By Arielle Levin Becker | March 10, 2017
To Norwich Superintendent of Schools Abby Dolliver, the three health clinics that operated inside her district’s public schools provided more than health care.
Students who needed help with their asthma, or a physical or a strep test, could get care from a nurse practitioner without having to leave school – a major convenience for parents who would otherwise have to leave work to take their kids to a doctor’s office.
Children who needed help dealing with trauma or other mental health issues could get counseling on site – and a sense, Dolliver said, that the schools supported them.
“The need is greater than what we have the availability to do ourselves in schools,” Dolliver said.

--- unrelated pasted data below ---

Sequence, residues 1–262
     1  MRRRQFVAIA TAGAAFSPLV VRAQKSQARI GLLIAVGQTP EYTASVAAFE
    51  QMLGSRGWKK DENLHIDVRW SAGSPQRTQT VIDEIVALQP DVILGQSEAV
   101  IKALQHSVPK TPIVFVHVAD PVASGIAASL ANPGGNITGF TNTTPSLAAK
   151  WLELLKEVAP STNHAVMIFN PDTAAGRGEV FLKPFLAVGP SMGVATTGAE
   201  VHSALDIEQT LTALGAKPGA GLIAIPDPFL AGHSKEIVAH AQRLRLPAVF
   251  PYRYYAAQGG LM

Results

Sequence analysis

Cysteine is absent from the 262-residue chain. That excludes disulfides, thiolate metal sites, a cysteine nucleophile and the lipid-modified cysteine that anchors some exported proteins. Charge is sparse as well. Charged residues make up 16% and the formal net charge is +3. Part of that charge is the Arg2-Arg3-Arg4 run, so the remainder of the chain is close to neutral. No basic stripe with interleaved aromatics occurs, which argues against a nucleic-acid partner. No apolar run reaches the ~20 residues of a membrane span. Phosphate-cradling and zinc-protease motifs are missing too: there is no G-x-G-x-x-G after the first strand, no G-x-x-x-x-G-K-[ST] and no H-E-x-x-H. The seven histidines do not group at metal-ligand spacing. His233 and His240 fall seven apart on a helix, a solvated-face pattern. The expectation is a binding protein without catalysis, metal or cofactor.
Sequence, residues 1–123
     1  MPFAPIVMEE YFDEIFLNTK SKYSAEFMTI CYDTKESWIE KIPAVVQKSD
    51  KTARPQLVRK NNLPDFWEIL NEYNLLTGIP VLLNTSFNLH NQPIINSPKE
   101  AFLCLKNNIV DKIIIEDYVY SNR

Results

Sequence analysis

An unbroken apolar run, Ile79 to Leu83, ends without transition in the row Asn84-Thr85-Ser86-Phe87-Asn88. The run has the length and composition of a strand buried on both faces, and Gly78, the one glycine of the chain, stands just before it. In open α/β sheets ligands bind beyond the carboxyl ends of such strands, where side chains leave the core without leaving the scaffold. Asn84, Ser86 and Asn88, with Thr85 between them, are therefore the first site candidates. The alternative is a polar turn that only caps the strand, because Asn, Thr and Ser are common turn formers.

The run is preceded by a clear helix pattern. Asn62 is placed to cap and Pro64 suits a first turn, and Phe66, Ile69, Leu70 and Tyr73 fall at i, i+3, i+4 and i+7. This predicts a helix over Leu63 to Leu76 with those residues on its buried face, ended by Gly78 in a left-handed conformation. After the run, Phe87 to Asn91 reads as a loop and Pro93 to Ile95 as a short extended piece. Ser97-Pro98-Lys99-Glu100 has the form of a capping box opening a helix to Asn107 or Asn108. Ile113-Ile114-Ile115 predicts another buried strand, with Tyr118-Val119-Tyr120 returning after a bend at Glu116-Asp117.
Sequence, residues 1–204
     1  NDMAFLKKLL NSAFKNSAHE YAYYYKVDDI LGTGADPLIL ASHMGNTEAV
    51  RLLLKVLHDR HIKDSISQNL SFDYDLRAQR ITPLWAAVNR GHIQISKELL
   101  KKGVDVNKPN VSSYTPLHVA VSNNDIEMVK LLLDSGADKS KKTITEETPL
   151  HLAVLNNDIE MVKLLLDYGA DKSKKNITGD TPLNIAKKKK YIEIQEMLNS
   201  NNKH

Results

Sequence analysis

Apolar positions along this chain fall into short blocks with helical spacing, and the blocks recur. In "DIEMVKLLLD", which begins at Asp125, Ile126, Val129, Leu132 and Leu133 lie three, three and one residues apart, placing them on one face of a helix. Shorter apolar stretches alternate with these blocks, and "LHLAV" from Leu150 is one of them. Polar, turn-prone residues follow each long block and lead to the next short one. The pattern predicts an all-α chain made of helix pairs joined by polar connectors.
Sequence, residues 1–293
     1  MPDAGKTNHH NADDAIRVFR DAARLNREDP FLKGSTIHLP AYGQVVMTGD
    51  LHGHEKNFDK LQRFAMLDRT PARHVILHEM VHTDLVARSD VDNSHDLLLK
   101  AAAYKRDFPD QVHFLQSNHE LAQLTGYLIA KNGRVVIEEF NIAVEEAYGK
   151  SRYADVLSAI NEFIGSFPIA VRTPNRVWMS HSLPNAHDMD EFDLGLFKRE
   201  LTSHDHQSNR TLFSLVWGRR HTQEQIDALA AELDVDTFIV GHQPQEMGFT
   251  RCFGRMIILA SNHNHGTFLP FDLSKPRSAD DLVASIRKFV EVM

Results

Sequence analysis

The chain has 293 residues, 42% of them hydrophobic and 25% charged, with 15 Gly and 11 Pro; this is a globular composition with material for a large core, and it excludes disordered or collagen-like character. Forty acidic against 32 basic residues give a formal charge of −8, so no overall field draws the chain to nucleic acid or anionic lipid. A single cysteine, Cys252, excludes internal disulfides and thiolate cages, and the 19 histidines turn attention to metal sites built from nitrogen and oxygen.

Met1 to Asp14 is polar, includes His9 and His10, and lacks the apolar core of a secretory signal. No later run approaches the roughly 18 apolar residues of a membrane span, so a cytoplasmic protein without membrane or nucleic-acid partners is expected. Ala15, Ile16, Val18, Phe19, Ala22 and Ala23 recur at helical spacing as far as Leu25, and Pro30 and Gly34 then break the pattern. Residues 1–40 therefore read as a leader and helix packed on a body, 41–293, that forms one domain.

School-based health centers – which provide medical and mental health care and sometimes dental services and health education, often in schools with many low-income or high-risk students – have historically received widespread backing from policymakers in Connecticut. Research has linked them with improved academic performance and graduation rates, as well as better health measures, such as higher vaccination rates, reduced asthma complications and lower emergency department use.